Archiver > TNCARTER > 2000-09 > 0968610900

Subject: [TNCarter] Birchfield, Whitehead, Grindstaff, Perkins ~ Mountain Men
Date: Sun, 10 Sep 2000 14:35:00 EDT

>From the Elizabethton Star, Sept. 6, 2000

Legendary mountain men live on in local folklore

The greatest treasure of the mountains isn't its views or streams or even
the hills themselves: it is the people of the mountains.

A few people in the mountains keep alive centuries-old traditions and a way
of life that the 20th century raced past. The mountains are not like
everywhere else. The mountains, themselves, contain stories -- stories of men
and women who were survivors and who were legends in their own time. However,
many of their stories are being lost to time -- the stories of Uncle Nate
Birchfield, Tiger Whitehead, Nick "The Hermit" and Joshua Dugger. Theirs are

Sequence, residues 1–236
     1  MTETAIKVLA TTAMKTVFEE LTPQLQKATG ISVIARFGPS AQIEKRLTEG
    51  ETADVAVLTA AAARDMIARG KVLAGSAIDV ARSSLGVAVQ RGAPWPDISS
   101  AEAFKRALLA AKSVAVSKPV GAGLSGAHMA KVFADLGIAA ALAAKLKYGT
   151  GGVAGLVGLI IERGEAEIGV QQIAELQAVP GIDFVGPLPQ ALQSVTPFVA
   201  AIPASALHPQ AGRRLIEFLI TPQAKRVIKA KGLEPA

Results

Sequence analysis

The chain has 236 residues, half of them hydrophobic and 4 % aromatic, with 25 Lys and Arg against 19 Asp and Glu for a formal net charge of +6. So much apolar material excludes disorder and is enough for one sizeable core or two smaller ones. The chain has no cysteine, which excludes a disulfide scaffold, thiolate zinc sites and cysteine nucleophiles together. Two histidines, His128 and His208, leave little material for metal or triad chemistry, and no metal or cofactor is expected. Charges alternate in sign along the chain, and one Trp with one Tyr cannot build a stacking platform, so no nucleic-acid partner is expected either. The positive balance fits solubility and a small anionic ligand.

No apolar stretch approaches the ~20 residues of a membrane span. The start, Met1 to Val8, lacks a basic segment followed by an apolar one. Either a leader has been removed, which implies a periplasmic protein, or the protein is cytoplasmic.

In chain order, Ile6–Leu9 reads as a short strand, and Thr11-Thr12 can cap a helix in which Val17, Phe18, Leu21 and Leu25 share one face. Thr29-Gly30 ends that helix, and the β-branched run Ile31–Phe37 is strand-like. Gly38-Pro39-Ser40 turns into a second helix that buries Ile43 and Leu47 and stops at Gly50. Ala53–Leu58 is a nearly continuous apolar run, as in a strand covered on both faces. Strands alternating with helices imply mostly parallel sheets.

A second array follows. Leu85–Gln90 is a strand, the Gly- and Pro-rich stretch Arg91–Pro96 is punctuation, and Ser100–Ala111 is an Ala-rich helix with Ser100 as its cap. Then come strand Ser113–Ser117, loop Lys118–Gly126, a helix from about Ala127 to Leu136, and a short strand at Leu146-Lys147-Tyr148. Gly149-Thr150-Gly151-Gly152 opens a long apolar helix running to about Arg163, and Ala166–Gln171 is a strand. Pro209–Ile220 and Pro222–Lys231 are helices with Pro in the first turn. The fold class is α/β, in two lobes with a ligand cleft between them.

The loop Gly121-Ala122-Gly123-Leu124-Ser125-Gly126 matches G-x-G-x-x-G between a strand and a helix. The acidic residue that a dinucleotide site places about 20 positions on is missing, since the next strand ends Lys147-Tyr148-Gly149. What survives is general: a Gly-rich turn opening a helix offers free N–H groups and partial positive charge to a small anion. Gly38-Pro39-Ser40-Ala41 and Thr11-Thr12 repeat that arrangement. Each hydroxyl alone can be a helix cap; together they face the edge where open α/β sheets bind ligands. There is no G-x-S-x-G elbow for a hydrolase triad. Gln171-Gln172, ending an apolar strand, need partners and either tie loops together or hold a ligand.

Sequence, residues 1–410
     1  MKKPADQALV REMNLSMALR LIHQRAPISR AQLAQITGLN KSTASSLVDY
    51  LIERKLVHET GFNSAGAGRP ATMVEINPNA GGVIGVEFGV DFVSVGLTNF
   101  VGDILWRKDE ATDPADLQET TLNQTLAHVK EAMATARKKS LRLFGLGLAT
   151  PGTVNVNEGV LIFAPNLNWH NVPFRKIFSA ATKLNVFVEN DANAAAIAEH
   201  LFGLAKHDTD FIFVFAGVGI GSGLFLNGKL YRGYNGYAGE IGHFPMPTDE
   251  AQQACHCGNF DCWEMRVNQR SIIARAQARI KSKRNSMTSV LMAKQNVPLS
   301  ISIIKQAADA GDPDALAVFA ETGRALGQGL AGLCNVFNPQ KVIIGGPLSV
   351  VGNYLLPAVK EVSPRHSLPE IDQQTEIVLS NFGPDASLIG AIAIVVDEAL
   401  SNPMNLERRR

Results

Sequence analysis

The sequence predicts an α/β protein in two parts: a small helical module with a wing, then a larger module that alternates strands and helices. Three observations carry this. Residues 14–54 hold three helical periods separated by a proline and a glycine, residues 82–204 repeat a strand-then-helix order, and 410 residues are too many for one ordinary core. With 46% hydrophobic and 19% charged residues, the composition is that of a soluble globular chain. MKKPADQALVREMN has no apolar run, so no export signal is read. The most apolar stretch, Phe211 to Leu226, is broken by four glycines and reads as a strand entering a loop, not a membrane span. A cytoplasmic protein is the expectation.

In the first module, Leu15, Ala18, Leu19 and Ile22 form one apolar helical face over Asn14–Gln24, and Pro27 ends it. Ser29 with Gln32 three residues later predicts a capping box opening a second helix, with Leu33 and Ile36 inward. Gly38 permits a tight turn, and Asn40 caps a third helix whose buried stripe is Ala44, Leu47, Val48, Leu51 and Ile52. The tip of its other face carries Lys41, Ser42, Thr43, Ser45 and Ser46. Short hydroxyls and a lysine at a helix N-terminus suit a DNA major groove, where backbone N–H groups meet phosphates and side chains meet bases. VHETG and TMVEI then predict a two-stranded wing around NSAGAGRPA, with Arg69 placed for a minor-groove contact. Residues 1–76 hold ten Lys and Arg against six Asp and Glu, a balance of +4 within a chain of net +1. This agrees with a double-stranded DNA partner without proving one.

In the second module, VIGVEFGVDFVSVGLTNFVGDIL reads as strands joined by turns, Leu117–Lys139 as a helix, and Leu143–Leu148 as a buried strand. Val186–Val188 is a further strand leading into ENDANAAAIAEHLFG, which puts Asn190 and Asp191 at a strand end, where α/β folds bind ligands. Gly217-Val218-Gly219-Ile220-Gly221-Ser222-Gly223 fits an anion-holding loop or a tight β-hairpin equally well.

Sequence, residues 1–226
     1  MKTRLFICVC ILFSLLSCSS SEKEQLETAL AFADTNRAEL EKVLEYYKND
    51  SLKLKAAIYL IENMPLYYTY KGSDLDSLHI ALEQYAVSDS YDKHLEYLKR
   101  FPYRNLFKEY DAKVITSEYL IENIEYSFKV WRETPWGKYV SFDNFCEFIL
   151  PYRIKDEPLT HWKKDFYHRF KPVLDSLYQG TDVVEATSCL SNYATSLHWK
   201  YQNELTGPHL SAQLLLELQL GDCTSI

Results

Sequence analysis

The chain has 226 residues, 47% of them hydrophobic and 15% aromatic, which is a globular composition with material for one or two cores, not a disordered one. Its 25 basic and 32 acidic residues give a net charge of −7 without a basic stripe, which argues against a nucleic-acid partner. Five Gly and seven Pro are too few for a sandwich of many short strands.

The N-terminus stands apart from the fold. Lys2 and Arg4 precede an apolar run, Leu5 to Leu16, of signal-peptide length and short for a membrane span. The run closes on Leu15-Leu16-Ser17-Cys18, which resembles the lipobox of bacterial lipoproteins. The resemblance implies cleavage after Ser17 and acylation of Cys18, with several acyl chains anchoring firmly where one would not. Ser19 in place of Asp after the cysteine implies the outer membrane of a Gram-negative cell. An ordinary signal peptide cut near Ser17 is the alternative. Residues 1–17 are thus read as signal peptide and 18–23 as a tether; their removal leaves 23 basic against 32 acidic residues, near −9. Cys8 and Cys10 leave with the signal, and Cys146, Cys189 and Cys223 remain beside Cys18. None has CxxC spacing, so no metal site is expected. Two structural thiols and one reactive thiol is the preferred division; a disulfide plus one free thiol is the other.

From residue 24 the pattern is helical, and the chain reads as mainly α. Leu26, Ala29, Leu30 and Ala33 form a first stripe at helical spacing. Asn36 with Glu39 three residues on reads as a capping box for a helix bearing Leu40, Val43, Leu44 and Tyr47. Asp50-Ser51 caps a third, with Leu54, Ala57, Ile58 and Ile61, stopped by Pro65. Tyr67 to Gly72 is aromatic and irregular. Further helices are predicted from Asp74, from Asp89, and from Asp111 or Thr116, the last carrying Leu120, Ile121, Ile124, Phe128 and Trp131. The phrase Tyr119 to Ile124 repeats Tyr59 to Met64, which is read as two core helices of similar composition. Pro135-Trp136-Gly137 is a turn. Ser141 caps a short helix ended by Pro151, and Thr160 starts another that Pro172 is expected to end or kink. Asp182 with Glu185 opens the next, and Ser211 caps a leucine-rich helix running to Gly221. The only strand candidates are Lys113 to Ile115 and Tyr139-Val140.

stories that draw us back to the mountains -- a placed called home.

Nathan Birchfield was known as the "Nimrod of the Unakas."

Birchfield, who died in the 1940s at the age of 86, was possibly the last
of the old bear hunters of this section. He lived in the Limestone Cove area
of Unicoi County.

Familiarly known as "Uncle Nath," (pronounced "Nate"), he was a member of
an old pioneer family. Many who knew him say Uncle Nath was a storyteller,
who loved to tell Civil War stories handed down by his father. He often told
the story of the killing of the Frye boys at the edge of his farm by the
Confederates during the War Between the States.

He began his hunting career at the age of nine, when he shot his first